James Baldwin spent his lifetime “telling it like it is” in prose and poems, lectures and plays, demonstrations and debates, delivering a lucid analysis of the historical, political, and psychological underpinnings of racism and the structural inequality of the United States and other Western nations. Inspired by Baldwin’s dazzling work of film criticism, The Devil Finds Work, this series explores Baldwin’s encounter with cinema and his contributions to American intellectual life, alongside works by black film- makers that also critically reflect on the history of race relations in the US and the UK. The series begins with I Am Not Your Negro, based on Baldwin’s unfinished memoir, Remember This House. It continues with two of the films at the center of Baldwin’s critical account of race and Hollywood cinema, The Defiant Ones and In This Our Life. The program also includes documentaries about Baldwin, along with essay films that explore questions of race, immigration, and sexuality—films that, in their formal experimentations, demonstrate the cinema’s enduring power as a tool of critical reflection and resistance.
Thursday / 9.14.17 / 7:00
Sunday / 9.17.17 / 1:30
I Am Not Your Negro
Raoul Peck (US, 2016)
Race, power, and film collide in Raoul Peck’s invigorating look at James Baldwin, whose potent investigations on American culture and racism were written decades ago, but whose “words matter now more than ever” (Manuel Betancourt, Esquire). Based on Baldwin’s unfinished manuscript Remember This House, which eulogized Martin Luther King Jr., Malcolm X, and Medgar Evers, and his essays on Hollywood and race, I Am Not Your Negro may technically be telling the story of civil rights in 1960s America, but—through clips from Ferguson, Black Lives Matter, and more—it seems sorrowfully urgent and utterly necessary today.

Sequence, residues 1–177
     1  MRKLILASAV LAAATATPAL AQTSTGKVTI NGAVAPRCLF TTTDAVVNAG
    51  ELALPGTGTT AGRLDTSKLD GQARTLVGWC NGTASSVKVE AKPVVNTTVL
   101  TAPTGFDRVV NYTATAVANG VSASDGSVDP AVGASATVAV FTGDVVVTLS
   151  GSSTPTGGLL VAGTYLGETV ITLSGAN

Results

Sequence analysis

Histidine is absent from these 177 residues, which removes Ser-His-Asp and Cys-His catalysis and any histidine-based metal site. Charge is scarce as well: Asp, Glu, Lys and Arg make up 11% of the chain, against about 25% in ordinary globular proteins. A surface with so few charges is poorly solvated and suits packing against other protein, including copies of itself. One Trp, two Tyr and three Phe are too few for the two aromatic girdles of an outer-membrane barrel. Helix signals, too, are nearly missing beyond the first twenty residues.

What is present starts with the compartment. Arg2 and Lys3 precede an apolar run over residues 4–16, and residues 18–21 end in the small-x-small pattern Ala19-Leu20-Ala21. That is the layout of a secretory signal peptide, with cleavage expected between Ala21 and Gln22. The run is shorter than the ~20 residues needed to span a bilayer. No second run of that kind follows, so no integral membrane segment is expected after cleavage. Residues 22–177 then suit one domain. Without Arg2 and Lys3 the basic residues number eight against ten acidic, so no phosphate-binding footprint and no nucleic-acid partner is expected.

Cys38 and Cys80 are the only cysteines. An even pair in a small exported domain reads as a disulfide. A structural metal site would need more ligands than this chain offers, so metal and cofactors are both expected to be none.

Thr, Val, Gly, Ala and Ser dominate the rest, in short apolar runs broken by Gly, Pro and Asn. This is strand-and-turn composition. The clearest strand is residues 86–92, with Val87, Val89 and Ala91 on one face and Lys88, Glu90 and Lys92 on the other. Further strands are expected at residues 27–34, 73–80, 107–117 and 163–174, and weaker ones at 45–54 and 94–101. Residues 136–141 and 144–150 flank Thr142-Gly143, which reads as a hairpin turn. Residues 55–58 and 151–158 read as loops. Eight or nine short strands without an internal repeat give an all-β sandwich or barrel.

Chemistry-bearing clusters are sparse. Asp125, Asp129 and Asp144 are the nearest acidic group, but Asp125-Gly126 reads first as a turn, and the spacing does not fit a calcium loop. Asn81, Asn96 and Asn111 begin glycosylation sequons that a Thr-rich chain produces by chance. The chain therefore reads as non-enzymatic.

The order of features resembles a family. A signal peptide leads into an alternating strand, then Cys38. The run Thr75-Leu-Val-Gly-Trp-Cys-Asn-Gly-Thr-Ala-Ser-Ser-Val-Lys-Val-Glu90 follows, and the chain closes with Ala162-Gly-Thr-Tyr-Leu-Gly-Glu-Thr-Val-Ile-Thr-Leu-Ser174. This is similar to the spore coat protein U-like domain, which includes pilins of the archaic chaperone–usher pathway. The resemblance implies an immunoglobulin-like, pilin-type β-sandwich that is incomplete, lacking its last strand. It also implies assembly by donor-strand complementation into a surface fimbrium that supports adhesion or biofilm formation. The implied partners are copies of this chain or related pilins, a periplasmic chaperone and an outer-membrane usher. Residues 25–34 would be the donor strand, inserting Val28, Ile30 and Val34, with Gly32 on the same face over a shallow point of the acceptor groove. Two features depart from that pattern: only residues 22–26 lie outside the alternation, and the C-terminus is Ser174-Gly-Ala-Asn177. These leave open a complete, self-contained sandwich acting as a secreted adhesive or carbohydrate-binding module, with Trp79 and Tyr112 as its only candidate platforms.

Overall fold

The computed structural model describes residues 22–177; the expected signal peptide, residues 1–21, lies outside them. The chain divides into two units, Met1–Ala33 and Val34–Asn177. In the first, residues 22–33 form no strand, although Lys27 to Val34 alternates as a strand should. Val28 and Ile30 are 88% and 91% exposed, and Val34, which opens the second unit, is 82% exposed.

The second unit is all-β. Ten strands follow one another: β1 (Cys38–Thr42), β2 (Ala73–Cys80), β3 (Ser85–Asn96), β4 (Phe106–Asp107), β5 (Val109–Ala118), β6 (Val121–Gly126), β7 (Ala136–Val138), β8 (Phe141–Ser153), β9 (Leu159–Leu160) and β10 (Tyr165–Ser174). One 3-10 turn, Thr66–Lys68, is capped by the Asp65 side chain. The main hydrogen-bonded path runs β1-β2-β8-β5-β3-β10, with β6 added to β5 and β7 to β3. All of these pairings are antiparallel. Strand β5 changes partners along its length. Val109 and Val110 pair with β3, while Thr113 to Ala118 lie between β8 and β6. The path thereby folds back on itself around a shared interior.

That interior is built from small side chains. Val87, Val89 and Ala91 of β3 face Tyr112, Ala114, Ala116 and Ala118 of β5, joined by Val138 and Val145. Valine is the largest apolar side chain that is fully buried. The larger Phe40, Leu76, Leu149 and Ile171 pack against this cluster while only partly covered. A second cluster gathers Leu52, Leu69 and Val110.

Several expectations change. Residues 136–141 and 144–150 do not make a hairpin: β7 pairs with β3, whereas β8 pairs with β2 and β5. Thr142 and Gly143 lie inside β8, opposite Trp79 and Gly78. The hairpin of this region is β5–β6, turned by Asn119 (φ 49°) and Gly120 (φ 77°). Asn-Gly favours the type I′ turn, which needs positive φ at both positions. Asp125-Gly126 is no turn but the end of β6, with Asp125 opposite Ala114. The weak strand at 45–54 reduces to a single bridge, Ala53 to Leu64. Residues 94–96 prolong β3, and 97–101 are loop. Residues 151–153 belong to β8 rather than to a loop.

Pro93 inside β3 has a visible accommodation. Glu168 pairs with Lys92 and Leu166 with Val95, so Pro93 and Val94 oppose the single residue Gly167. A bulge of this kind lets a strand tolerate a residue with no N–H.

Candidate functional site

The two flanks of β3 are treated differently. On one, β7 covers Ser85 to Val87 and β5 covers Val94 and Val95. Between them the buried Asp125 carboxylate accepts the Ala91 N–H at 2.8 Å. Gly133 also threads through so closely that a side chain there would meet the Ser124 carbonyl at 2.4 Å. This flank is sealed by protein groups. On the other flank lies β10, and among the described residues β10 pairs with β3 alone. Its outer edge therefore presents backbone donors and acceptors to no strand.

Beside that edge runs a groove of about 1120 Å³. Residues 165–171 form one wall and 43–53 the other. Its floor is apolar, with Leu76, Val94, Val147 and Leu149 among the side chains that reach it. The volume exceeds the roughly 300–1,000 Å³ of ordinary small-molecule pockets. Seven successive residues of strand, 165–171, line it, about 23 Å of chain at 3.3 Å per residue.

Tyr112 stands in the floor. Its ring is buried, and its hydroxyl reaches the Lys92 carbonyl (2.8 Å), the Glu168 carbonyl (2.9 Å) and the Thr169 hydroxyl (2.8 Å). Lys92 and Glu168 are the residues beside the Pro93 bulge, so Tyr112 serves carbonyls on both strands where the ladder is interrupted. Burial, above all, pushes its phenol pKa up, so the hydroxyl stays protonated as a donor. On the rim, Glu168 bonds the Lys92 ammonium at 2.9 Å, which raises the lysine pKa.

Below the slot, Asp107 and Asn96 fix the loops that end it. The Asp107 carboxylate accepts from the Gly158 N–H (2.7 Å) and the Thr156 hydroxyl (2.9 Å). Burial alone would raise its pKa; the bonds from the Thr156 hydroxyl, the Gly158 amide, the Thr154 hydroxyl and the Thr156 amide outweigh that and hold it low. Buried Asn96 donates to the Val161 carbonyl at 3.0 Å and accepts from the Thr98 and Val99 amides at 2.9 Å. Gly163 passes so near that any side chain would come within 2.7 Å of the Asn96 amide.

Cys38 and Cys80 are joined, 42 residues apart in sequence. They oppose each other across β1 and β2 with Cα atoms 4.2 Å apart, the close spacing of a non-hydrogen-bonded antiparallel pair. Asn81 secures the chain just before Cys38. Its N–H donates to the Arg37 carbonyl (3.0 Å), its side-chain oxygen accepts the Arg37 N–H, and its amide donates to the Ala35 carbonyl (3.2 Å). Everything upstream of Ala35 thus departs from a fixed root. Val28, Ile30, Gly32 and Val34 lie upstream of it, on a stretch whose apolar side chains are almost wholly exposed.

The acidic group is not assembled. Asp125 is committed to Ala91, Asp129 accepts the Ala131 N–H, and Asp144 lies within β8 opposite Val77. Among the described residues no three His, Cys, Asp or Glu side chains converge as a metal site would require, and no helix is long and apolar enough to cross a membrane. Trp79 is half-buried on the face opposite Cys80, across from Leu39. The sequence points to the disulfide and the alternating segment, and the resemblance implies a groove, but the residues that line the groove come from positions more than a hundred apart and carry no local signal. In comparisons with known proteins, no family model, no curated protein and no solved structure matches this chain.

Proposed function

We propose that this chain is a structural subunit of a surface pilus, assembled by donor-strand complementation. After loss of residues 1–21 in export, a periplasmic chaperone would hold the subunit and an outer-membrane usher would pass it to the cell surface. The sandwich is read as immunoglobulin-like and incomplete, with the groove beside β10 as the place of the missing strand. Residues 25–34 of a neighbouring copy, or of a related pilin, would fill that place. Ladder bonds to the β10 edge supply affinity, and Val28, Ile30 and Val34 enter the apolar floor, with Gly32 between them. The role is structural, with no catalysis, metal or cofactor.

Written by Peck, based on the writings of James Baldwin. Photographed by Henry Adebonojo, Bill Ross, Turner Ross. Narrated by Samuel L. Jackson. (93 mins, Color/B&W, DCP, From Magnolia Pictures)
Thursday / 9.21.17 / 7:00
The Defiant Ones
Stanley Kramer (US, 1958)
Introduced by Stephen Best, associate professor of English at UC Berkeley
Nominated for eight Academy Awards and winner of two, Stanley Kramer’s anti-racist “message” film stars Tony Curtis and Sidney Poitier as convicts who escape, shackled together, from an overturned prison van in the deep South. The two must overcome their mutual suspicion as they are tracked by a bloodthirsty mob barely controlled by the local sheriff. In The Devil Finds Work James Baldwin praises Poitier’s “shattering” performance but demonstrates the difficulty of sending such a message to a divided nation, observing that a Harlem audience’s reaction to the climactic moment was entirely opposite to that of audiences downtown.
Written by Nathan E. Douglas (Nedrick Young), Harold Jacob Smith. Photographed by Sam Leavitt. With Tony Curtis, Sidney Poitier, Theodore Bikel, Lon Chaney, Jr. (97 mins, B&W, 35mm, From Park Circus)
Thursday / 9.28.17 / 7:00
In This Our Life
John Huston (US, 1942)
Introduced by Damon Young, assistant professor of French and film & media at UC Berkeley